Summer 2006

Editorial Eye 60

One of the ‘hidden themes’ that occasionally resonates through Eye’s pages is that of ‘life after design’. It is always fascinating to see just how well design education – and design practice – prepares individuals for work that’s not strictly design. And I don’t just mean flipping burgers. We see designers become photographers, actors, editors, writers, curators, publishers, TV directors; they also make good parents, trusted friends and rounded human beings, often without leaving the profession.

The career of Alex McDowell is not strictly ‘post-graphic design’, since he’s a production designer, but it’s timely to examine the sheer scale of his work, and the all-encompassing nature of that job title, in the light of his work on blockbuster films by Tim Burton, Steven Spielberg and others. It seems a long way from the posters, sleeve designs and crudely stapled magazines of his early career. What McDowell’s career shows us, in Malcolm Garrett’s detailed profile, is the extent to which graphic design skills and thought processes are needed in 21st-century film-making, and the way technology puts the designer at the heart of these overwhelmingly visual experiences.

At the other end of the budget spectrum, Jeff Scher’s visual poems are sophisticated yet easily understood pieces of graphic art, imbued with a DIY sensibility that recalls the punk and post-punk worlds of McDowell’s early work for pop bands and i-D magazine. Scher’s mini-symphonies have a wit and grace that’s closer to jazz than rock’n’roll.

Movement always implies sound and music, and you can imagine every kind of twentieth-century music accompanying the prehistorical motion graphics in Matt Soar and Peter Hall’s ‘Images over time’: Cage for Duchamp; perhaps Monk for Robert Breer. We know what Doctor Who sounds like, and it is interesting to note that Bernard Lodge’s use of TV feedback predates Nam June Paik’s video art by a couple of years.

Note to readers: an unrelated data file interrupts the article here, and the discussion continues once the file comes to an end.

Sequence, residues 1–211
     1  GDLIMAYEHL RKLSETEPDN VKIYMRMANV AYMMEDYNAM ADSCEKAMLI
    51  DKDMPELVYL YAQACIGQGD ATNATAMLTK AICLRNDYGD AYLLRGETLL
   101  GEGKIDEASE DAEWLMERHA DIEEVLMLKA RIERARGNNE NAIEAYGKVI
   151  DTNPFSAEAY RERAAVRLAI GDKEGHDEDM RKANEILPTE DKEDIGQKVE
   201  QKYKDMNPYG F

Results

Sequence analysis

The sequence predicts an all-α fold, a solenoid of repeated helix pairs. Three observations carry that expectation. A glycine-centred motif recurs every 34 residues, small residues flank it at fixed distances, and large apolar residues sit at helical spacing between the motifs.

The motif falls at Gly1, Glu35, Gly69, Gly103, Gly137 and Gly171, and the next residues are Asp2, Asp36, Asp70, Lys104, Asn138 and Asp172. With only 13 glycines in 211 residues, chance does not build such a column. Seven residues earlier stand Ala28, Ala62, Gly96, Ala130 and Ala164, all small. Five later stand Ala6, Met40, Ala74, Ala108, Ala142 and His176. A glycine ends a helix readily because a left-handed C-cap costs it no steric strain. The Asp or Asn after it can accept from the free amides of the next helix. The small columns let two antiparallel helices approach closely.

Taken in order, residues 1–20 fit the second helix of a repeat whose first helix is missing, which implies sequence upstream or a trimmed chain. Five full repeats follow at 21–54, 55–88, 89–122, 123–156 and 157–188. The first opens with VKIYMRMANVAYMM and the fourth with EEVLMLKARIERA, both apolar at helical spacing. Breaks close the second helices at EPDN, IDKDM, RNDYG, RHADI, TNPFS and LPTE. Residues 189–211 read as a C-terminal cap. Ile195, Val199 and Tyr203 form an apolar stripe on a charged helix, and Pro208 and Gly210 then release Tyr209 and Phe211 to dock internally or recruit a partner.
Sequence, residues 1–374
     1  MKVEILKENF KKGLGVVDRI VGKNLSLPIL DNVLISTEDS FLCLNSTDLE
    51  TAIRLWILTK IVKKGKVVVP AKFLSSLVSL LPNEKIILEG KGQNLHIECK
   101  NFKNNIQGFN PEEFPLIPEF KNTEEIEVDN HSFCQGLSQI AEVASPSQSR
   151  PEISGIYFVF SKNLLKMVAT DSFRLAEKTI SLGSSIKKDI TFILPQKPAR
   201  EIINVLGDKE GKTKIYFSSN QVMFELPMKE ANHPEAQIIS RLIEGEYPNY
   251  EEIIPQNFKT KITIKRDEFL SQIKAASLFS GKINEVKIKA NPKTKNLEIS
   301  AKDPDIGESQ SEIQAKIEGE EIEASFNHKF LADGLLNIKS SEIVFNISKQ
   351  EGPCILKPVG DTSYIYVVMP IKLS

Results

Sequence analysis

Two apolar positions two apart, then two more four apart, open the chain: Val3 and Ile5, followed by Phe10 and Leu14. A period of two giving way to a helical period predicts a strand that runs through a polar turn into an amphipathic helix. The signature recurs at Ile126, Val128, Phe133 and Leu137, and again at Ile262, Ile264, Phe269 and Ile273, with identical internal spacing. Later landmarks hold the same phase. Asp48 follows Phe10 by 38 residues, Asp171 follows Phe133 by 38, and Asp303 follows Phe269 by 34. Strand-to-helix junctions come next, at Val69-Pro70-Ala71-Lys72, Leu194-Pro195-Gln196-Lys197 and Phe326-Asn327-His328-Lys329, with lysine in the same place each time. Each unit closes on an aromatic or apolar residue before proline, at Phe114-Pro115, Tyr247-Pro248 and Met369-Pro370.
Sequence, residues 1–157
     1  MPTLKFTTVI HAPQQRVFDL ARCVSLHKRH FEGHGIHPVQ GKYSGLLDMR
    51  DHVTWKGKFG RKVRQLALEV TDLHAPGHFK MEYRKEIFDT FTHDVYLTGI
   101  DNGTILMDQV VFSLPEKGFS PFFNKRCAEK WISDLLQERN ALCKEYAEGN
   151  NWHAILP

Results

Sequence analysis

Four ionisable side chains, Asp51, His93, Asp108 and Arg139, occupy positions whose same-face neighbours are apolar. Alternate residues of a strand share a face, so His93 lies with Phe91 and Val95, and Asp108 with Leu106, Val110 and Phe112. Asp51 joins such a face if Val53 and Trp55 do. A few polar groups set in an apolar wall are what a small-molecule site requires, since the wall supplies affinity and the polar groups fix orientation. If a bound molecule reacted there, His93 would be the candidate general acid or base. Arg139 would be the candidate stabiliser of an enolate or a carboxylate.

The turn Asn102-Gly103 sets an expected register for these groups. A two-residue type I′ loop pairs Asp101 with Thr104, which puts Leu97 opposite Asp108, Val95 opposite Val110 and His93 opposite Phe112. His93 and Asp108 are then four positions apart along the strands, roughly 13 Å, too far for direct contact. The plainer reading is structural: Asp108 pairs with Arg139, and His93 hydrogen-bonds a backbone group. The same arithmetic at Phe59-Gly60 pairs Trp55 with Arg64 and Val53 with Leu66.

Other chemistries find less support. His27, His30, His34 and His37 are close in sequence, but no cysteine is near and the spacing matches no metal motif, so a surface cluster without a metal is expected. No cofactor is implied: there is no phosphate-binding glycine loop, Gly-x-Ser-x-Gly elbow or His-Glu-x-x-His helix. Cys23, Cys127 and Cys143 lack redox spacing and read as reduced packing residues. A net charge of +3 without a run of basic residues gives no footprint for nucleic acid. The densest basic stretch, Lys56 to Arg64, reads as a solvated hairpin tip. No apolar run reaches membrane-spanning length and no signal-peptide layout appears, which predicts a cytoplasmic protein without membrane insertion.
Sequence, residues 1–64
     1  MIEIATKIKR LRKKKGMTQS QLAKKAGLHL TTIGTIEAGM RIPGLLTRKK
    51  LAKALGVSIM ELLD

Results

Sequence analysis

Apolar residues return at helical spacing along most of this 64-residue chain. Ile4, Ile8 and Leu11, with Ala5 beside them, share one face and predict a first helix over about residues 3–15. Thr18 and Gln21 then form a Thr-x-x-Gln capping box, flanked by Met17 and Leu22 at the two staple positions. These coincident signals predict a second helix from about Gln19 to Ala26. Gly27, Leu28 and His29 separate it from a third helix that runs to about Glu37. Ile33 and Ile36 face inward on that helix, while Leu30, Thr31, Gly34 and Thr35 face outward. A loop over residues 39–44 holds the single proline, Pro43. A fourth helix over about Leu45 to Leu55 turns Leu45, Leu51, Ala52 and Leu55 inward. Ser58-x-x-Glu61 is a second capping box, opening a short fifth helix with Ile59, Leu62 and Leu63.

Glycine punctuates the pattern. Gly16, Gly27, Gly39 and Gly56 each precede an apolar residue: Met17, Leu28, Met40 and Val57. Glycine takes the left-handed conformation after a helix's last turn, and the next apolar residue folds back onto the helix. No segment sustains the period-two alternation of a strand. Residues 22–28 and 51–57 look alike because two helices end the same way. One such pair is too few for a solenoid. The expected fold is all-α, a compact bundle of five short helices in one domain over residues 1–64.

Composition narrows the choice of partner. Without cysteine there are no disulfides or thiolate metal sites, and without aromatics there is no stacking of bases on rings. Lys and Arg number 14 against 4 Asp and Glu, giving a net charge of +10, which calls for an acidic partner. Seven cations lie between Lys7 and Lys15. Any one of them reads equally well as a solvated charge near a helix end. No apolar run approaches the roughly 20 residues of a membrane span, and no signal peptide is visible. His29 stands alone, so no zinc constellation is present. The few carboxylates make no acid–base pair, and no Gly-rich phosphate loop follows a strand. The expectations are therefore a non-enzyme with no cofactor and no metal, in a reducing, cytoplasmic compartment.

Eric Kindel’s account of the early (pre-psychedelic) days of fluorescent ink throws light on concerns about advertising in those pre-First Things First, pre-D&AD days, with its anxieties about the vulgarity of too many posters shouting for attention, as Day-Glo pigments sizzled provocatively to promote louche plays, crooners and cosmetics.

The Penrose Annual, source of many Eye writers’ research over the years (including some of Kindel’s), comes under scrutiny in Steve Hare’s ‘By printers, for printers’. For this feature, the challenge was knowing where to stop. The issues provide such a visual feast for designers, typographers and print fetishists of all persuasions. Art director Simon Esterson spent many hours in the St Bride Library choosing and stacking volumes for this feature’s photography. Penrose was always about much more than the flat image, using many different stocks and techniques – from embossing to printing on corrugated card – and always engaged in the first principles of print.

Today, any engagement with process usually touches on the digital. Jürg Lehni’s Scriptographer demonstrates how clued-up designer-programmers can fiddle with the nuts and bolts of prêt-a-porter software to open up new design possibilities. The front cover of this issue shows a detail from Charlie that was processed by one such script.

This issue ushers in a few production changes for Eye itself, since it is the first issue to have four-colour printing throughout the uncoated section, giving us scope to display review subjects (such as Chip Kidd’s chunky Book One) in greater glory.

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